The cement industry in the Philippines has been generating a lot of ‘steam’ in the past three months. Some of this has now come to a head in the last few weeks with the Department of Trade and Industry’s (DTI) decision to impose tariffs on imported cement and the Philippine Competition Commission’s (PCC) on-going investigation into alleged-anti-competitive behaviour. Then, there was the unnamed sourced quoted by Bloomberg this week that LafargeHolcim was seriously thinking about selling up in the country.
Resistance to imported cement has been building for a while as local producers and importers have repeatedly clashed in the media. The latest thread of this story started in September 2018 when the DTI started an investigation into imports. A review by the department found that imports grew by 70% year-on-year in 2014, 4391% in 2015, 549% in 2016 and 72% in 2017. However, the market share of imports grew from 0.02% in 2013 to 15% in 2017. This was followed by various organisations taking sides. The Philippine Constructors Association, Laban Konsyumer (a consumer group), the Philippine Cement Importers Association and others came out on the side of the importers, warning of the risk to prices and consumers if duties were implemented.
It didn’t stop the DTI though. It imposed a provisional safeguard duty of US$0.16/bag on imported cement, around 4% of the cost of a 40kg bag. The PCC then said that it was going to consider the new tariff as part of its on-going investigation. Its probe started in 2017 following allegations that the Cement Manufacturers Association of the Philippines (CEMAP), LafargeHolcim Philippines and Republic Cement and Building Materials had violated the Philippines Competition Act by engaging in anti-competitive agreements.
Amid all of this, LafargeHolcim popped up earlier this week with a news story that it was actively trying to find the ‘right’ price for its local subsidiary, Holcim Philippines. The ‘right’ price at the moment being something around US$2.5bn for four integrated plants and associated assets. That’s around US$225/t of production capacity using the total of 8.4Mt/yr in the Global Cement Directory 2019 and considering LafargeHolcim’s 75% share in the subsidiary. This is about what you’d expect, but it is certainly higher than the US$120/t LafargeHolcim has officially accepted for its divestment of its Indonesian operations.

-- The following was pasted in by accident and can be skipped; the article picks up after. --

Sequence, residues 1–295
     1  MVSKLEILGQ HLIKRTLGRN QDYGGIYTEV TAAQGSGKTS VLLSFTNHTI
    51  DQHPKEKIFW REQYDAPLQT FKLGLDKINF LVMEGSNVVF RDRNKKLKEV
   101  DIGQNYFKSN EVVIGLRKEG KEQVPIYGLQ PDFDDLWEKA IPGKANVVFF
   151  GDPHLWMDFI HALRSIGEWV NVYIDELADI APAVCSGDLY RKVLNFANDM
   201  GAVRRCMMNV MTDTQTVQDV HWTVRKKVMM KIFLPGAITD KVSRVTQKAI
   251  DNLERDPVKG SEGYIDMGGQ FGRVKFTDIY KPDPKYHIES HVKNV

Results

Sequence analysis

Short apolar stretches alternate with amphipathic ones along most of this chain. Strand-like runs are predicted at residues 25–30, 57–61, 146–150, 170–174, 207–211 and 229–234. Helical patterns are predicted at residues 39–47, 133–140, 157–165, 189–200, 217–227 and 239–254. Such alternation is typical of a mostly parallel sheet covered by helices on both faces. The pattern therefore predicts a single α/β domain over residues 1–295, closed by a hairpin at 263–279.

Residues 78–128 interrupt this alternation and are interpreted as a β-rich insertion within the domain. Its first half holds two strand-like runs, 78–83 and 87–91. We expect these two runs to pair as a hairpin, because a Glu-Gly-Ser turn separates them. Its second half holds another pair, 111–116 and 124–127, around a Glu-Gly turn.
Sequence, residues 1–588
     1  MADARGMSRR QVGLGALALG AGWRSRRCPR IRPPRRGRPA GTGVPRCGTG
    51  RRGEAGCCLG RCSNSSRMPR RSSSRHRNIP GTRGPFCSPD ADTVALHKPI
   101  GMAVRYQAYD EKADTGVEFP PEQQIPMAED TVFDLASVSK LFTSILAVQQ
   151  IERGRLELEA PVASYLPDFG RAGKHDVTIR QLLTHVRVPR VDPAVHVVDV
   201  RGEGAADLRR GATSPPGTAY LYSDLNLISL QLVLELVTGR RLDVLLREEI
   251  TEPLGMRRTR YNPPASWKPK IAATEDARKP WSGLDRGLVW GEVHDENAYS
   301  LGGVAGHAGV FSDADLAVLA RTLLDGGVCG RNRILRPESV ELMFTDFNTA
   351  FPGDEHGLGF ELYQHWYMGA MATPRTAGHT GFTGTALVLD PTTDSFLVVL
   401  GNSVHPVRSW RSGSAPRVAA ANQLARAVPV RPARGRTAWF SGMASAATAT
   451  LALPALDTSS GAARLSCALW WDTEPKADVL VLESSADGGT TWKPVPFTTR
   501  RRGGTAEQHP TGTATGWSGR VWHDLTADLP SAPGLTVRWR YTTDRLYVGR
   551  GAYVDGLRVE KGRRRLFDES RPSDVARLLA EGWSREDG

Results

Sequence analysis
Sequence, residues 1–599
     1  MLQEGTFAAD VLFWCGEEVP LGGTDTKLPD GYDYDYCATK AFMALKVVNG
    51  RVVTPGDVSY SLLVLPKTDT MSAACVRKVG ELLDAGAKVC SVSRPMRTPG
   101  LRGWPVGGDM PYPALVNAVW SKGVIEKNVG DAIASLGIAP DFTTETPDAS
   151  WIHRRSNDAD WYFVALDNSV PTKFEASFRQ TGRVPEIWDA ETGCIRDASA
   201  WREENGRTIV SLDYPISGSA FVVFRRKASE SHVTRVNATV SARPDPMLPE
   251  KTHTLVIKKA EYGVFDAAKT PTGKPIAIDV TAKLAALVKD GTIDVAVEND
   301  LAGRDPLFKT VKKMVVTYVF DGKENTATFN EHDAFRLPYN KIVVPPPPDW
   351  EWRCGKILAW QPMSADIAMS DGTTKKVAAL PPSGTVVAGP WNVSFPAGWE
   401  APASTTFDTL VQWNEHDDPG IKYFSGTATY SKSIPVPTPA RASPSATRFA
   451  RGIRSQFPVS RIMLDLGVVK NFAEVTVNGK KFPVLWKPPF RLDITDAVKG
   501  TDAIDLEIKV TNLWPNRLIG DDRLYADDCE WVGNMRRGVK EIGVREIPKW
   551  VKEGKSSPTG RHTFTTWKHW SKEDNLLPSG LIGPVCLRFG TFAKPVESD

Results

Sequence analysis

Given the anonymous nature of the sources involved, it’s uncertain whether LafargeHolcim’s alleged intentions to sell in the Philippines is anything more than market scuttlebutt. What is more certain is that Holcim Philippines has had a tough time so far in 2018, reporting a 23% year-on-year drop in earnings before interest, taxation, depreciation and amortisation (EBITDA) to US$64.8m in the first nine months of 2018 from US$83.9m in the same period in 2017. Sales have grown but this has been hit by the fuel, power and distribution costs as well as the depreciation of the Philippine Peso against the US Dollar. It also blamed imports for its problems. However, alongside all of this the company announced in December 2018 that it was spending US$300m towards increasing its production capacity by 30% to 13Mt/yr by 2020. This includes upgrades to its plants at Bulacan and Misamis Oriental with the installation of new kilns, mills and waste heat recovery systems.
The latest victory in the war between producers and importers seems to be on the side of the producers as the government steps in with protection for the industry. The Philippines’ economy is doing well with its gross domestic product (GDP) forecast to rise by 6.5% in 2019 by the World Bank. The trick for the government will be striking the balance between shielding industry from dumping and allowing the construction industry to keep on growing. Rumours about LafargeHolcim selling up are enticing but seem less likely than LafargeHolcim’s decision to exit Indonesia. Leaving would mean abandoning South-East Asia and exiting a country with a growing industry.